This morning began with a proper English Breakfast … for Kat anyway. After a morning jaunt through the lavender garden (like you do) we set off for our first full day with the Morgan.
The drive out of the Worchester area took us on some back roads (I think they’re all back roads in Wales?). Some of them were of the impossibly narrow variety, with stone walls on either side. One finds oneself immensely aware of all the time and effort that went into sculpting those beautiful aluminum wheel arches, which are inches from a sudden impact.
After about an hour and a half of driving, we got into Wales proper. We saw a number of wild pheasants along the way, which was particularly exciting for Kat. Although she wasn’t able to capture any on camera, we were able to buy some pheasant greeting cards at our first stop on the tour – Ivy House Café in a small Welsh village. Although empty when we arrived, this tiny cafe/post office quickly filled with road bikers stopping for a sweet snack. We enjoyed cream scones, clotted cream and jam before heading back onto the road. Everyone loved the Morgan.
We quickly learned that the route book keeps to a very tight schedule. A schedule that implies that the Morgan employees doing the forerunning might have been playing fast and loose with the national speed limit. In any case, we slurped our tea and coffee and hit the road. Our next stop was Lake Vrynwy, which sits behind a gorgeous dam of the sort that only the Victorians would build. It’s a busy recreational area with hikers, bikers, paddleboarders and lots of families. Everyone loved the Morgan.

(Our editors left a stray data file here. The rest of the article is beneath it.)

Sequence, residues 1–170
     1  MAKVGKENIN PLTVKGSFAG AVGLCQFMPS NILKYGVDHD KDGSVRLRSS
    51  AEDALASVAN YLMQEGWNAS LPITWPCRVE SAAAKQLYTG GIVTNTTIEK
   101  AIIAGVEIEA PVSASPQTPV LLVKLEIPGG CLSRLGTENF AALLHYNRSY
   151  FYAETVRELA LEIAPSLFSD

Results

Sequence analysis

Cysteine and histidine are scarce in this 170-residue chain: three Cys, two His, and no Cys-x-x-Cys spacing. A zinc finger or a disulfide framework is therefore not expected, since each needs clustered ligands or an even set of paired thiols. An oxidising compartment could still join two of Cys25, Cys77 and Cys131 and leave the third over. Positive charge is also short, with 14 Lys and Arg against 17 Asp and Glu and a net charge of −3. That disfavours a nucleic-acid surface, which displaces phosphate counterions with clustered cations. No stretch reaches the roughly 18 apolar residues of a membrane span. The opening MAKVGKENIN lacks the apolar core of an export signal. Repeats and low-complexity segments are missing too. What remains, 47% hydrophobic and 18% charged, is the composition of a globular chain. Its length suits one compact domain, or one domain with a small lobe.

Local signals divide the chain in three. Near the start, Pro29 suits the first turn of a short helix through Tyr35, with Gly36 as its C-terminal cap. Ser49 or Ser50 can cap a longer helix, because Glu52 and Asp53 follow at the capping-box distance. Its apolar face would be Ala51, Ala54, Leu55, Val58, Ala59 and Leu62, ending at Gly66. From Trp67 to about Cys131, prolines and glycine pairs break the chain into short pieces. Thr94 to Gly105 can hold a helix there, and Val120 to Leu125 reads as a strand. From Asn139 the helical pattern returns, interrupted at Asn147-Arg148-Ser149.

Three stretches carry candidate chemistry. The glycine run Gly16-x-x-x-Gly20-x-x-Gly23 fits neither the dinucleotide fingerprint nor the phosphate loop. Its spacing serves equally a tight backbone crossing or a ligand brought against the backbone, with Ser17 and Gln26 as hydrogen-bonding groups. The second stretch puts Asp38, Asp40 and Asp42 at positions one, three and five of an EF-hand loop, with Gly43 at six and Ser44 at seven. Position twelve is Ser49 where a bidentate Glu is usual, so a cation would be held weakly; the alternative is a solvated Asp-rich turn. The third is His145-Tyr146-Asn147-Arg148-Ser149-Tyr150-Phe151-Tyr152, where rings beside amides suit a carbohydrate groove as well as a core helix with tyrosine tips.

We spent the allotted 15 minutes ooo-ing and aaah-ing at the dam, then hit the road for our lunch stop at Palé Hall. We’re also spending the night at Palé Hall, so we were able to leave our bags. Kat had her first coronation chicken sandwich. We may have spoiled ourselves in London. We hit the road quickly to try to get a jump on the afternoon schedule.
As we got deeper into Wales, we really started enjoying the scenery. Lots of sheep, hills covered in low shrubs blooming with pink and purple flowers, and astonishingly beautiful houses tucked into hillsides. At one point on our drive, we got buzzed by an RAF fighter jet. Our route guide had warned us about this. It was … pretty cool actually. Our first stop in the afternoon was at Swallow Falls. These falls have a unique feeling, cutting through jagged shale. Also, we got to park next to a Lotus.
The landscape began to open up a bit as we climbed a bit higher. The midway stop in the afternoon was up a valley lined with old slate mines. We started getting better views of the high peaks of Snowdonia National Park. Though not high in absolutely terms, they’re the highest in the UK. We stopped at a scenic viewpoint to get a better look. Also because there was an ice cream truck parked there. We got soft serve cones with “flake” and “sauce”. Yes please.
We stopped for a wander in the ultra cute village of Beddgelert. We bought tea and coffees so that we could linger in a little patio by the river, and try Welsh fruit cake (bara brith). Then it was time to push on towards our overnight – we were a decent bit behind schedule!
Around this time, the low fuel warning light came on, which was a bit alarm giving the gauge said we had a quarter tank left. It seems the Morgan tank might be a little lacking in baffles, so going uphill causes all the fuel to slosh away from the fuel sender. As long as you keep going downhill, you’ve got plenty of fuel! We stopped at one more scenic overlook, then got some fuel and made our way back to Palé Hall.
After a quick turn-around, we joined a few of our fellow guests in the fine dining hall for a multi-course tasting menu. You can choose between 5 or 8 courses. In the interest of time and our waistbands we opted for 5. Although the dinner was very nice, the most memorable part of the meal was definitely the atmosphere. Seated a few tables away was a gregarious man from Belfast and his Polish geneticist wife. Dan, the Irishman, had befriended the couple seated next to them and proceeded to become more boisterous and excited as the courses progressed. By the end of the evening, he was serenading us with the Our Father and a series of Irish drinking songs. A thoroughly entertaining evening.